Most people who follow YouTube trends know that Minecraft—Mojang‘s highly-addictive open-world video game–is the single most popular game on the site. Creators who base their entire channels around the game regularly crack our Tubefilter charts, and popular videos about the game draw millions of views.
A report from ReelSEO quantifies just how big Minecraft is. According to data sourced from Octoly, Minecraft fan videos reached 31 billion views by June 2014. Since then, the game’s audience has continued to grow at a rapid pace, and now, Minecraft videos have amassed more than 47 billion views on YouTube.
The “fan videos” referred to in the report simply refer to any videos that don’t come directly from Mojang’s official YouTube channel. While Mojang does have its own online presence (the company was recently acquired by Microsoft), more than 99% of Minecraft video views on YouTube come from fans of the game, who use it as the subject for “Let’s Play” walkthroughs, multiplayer competitions with friends and fellow YouTubers, and animations like this one:
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As a chart from Octoly shows, Minecraft‘s share of the YouTube gaming market dominates other popular video game titles. When that chart was collected back in June, only three other games had more than five billion views, and Minecraft had more views than those three games combined.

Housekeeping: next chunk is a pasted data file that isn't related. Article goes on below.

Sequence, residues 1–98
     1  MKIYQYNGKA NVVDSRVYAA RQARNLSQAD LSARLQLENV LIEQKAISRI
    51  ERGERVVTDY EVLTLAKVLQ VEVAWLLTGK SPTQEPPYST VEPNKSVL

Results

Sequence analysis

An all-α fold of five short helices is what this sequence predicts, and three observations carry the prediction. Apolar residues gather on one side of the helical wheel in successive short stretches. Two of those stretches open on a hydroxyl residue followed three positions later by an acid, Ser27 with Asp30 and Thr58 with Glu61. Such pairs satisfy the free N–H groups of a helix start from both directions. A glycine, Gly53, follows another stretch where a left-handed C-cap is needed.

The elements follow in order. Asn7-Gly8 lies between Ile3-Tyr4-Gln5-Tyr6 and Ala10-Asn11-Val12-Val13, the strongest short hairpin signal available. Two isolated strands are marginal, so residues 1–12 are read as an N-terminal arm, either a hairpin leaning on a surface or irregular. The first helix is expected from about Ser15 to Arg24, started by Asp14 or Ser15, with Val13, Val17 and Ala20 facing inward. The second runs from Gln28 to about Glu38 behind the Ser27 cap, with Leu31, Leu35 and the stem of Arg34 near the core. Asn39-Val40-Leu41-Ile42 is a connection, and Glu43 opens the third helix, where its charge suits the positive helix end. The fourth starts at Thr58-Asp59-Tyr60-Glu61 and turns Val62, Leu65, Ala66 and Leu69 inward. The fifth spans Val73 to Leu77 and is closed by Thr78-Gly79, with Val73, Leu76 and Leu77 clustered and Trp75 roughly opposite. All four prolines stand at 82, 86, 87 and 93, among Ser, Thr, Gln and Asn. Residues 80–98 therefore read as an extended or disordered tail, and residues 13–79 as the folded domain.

The most extraordinary result, though, is what has happened since Octoly collected its data. At the time of ReelSEO’s report, Minecraft was already up to 47 billion views, which means the game has totaled 16 billion views in five months. The number of people who are making videos about the game is up, too. The 81,000-person figure from June is now up to 147,000; that’s an 81% increase.
ReelSEO’s report also shares a number of reasons why Minecraft has gotten so popular: The game’s sandbox design has encouraged players to share their results from the start, YouTube’s advertising model made it the perfect place to share those results, and Mojang has taken a hands-off approach. Instead of interfering with fans who are technically infringing on its copyright, the Swedish company has taken advantage of the free advertising those videos provide. It’s a win for everybody, and in the coming months, Minecraft‘s extraordinarily large YouTube following is only going to get bigger.